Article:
Medical care 01/2012; 50(4):335-41. · 2.94 Impact Factor
  • JAMA The Journal of the American Medical Association 09/2011; 306(11):1202-3; author reply 1203. · 29.98 Impact Factor
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    Melissa Park, Donald Cherry, Sandra L Decker
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    ABSTRACT: The expansion of health insurance coverage through health care reform, along with the aging of the population, are expected to strain the capacity for providing health care. Projections of the future physician workforce predict declines in the supply of physicians and decreasing physician work hours for primary care. An expansion of care delivered by nurse practitioners (NPs), certified nurse midwives (CNMs), and physician assistants (PAs) is often cited as a solution to the predicted surge in demand for health care services and calls for an examination of current reliance on these providers. Using a nationally based physician survey, we have described the employment of NPs, CNMs, and PAs among office-based physicians by selected physician and practice characteristics.
    NCHS data brief 08/2011;
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    Sandra L Decker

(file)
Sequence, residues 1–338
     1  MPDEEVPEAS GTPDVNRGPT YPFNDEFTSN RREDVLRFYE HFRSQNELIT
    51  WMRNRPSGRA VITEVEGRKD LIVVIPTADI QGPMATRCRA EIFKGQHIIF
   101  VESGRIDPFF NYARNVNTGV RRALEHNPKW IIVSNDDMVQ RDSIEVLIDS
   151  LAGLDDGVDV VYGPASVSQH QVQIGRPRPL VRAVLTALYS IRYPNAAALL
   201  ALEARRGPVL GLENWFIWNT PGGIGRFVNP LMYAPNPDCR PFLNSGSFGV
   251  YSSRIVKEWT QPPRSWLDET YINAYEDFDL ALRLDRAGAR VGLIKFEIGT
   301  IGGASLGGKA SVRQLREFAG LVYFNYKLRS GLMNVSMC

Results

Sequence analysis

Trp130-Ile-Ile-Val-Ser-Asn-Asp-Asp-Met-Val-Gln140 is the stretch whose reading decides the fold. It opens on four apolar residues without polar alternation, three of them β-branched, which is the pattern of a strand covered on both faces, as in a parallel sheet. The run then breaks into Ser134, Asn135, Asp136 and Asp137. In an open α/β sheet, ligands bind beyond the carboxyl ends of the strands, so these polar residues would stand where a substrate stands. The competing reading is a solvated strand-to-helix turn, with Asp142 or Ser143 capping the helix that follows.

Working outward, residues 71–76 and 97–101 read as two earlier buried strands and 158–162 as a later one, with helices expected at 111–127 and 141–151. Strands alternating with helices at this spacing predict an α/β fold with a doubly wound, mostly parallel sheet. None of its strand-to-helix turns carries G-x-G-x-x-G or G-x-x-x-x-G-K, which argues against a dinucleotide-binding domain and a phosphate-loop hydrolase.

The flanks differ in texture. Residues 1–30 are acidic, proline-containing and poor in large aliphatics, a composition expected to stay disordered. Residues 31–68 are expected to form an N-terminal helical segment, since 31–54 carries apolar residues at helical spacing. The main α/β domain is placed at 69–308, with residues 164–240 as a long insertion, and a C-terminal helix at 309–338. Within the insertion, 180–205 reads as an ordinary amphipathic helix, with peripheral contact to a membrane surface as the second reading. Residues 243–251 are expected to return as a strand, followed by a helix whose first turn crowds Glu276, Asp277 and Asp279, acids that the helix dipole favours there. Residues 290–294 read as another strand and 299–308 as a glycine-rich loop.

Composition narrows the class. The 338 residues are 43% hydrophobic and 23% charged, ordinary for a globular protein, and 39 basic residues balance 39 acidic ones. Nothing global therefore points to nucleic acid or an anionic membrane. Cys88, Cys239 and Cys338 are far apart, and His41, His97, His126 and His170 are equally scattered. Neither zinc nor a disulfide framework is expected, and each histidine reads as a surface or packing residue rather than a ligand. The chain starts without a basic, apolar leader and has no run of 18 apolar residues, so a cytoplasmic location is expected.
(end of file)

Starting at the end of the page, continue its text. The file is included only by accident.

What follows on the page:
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    ABSTRACT: Although Medicaid removes most financial barriers to receipt of dental care among children and adolescents, Medicaid recipients may not be able to access dental care if dentists decline to participate in Medicaid because of low payment levels or other reasons. To describe the association between state Medicaid dental fees in 2 years (2000 and 2008) and children's receipt of dental care. Data on Medicaid dental fees in 2000 and 2008 for 42 states plus the District of Columbia were merged with data from 33,657 children and adolescents (aged 2-17 years) in the National Health Interview Survey (NHIS) for the years 2000-2001 and 2008-2009. Logit models were used to estimate the probability that children and adolescents had seen a dentist in the past 6 months as a function of the Medicaid prophylaxis fee and control variables including age group, race, poverty status, and state and year effects. The effect of fees on children with Medicaid relative to a control group, privately insured counterparts, served to separate Medicaid's effect on access to care from any correlation between the Medicaid fee or changes in fees by state and other attributes of states. Whether a child or adolescent had seen a dentist in the past 6 months. On average, Medicaid dental payment levels did not change significantly in inflation-adjusted terms between 2000 and 2008, although a difference existed for some states, including in 5 states plus the District of Columbia, where payments increased at least 50%. In 2008-2009, more children and adolescents covered by Medicaid (55%, 95% confidence interval [CI], 53%-57%) had seen a dentist in the past 6 months than did uninsured children (27%, 95% CI, 24%-30%), but fewer than children covered by private insurance (68%, 95% CI, 67%-70%). Changes in state Medicaid dental payment fees between 2000 and 2008 were positively associated with use of dental care among children and adolescents covered by Medicaid. For example, a $10 increase in the Medicaid prophylaxis payment level (from $20 to $30) was associated with a 3.92 percentage point (95% CI, 0.54-7.50) increase in the chance that a child or adolescent covered by Medicaid had seen a dentist. Higher Medicaid payment levels to dentists were associated with higher rates of receipt of dental care among children and adolescents.